This site is supported by donations to The OEIS Foundation.

 Annual appeal: Please make a donation to keep the OEIS running! Over 6000 articles have referenced us, often saying "we discovered this result with the help of the OEIS". Other ways to donate

 Hints (Greetings from The On-Line Encyclopedia of Integer Sequences!)
 A061898 Swap each prime in factorization of n with "neighbor" prime. 5
 1, 3, 2, 9, 7, 6, 5, 27, 4, 21, 13, 18, 11, 15, 14, 81, 19, 12, 17, 63, 10, 39, 29, 54, 49, 33, 8, 45, 23, 42, 37, 243, 26, 57, 35, 36, 31, 51, 22, 189, 43, 30, 41, 117, 28, 87, 53, 162, 25, 147, 38, 99, 47, 24, 91, 135, 34, 69, 61, 126, 59, 111, 20, 729, 77, 78, 71, 171, 58 (list; graph; refs; listen; history; text; internal format)
 OFFSET 1,2 COMMENTS Here "neighbor" primes are just paired in order: 2<->3, 5<->7, 11<->13, etc. Self-inverse permutation of the integers. Multiplicative. LINKS Alois P. Heinz, Table of n, a(n) for n = 1..20000 EXAMPLE a(60)=126 since 60=2^2*3*5, swapping 2<->3 and 5<->7 gives 3^2*2*7=126 (and of course then a(126)=60). MAPLE p:= proc(n) option remember; `if`(numtheory[pi](n)::odd,        nextprime(n), prevprime(n))     end: a:= n-> mul(p(i[1])^i[2], i=ifactors(n)[2]): seq(a(n), n=1..80);  # Alois P. Heinz, Sep 13 2017 PROG (PARI) a(n) = my(f=factor(n)); for (i=1, #f~, ip = primepi(f[i, 1]); if (ip % 2, f[i, 1] = prime(ip+1), f[i, 1] = prime(ip-1))); factorback(f); \\ Michel Marcus, Jun 09 2014 CROSSREFS Cf. A045965. Sequence in context: A227630 A286251 A072027 * A021756 A274925 A084398 Adjacent sequences:  A061895 A061896 A061897 * A061899 A061900 A061901 KEYWORD easy,nonn,mult AUTHOR Marc LeBrun, May 14 2001 STATUS approved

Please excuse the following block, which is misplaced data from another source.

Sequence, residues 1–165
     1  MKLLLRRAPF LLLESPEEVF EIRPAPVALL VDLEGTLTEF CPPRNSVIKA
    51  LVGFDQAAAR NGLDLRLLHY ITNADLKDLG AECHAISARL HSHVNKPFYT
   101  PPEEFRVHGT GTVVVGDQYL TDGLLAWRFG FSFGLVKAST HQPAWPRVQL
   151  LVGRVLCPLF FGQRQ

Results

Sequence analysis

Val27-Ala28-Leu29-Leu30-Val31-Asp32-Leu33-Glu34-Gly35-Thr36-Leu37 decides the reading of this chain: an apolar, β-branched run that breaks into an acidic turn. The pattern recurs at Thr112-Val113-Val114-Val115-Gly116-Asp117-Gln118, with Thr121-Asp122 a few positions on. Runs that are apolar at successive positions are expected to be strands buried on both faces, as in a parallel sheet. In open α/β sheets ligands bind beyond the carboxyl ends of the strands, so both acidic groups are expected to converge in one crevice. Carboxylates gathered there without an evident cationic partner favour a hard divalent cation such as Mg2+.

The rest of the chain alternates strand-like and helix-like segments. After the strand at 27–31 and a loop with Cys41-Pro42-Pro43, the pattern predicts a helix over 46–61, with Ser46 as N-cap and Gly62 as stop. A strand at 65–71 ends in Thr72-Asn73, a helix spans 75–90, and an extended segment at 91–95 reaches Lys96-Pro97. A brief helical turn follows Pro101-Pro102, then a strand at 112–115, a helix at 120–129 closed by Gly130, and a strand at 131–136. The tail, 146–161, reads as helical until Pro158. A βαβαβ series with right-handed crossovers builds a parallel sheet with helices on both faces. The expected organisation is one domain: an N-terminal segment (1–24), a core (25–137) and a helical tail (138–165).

Lookup | Welcome | Wiki | Register | Music | Plot 2 | Demos | Index | Browse | More | WebCam
Contribute new seq. or comment | Format | Style Sheet | Transforms | Superseeker | Recent | More pages
The OEIS Community | Maintained by The OEIS Foundation Inc.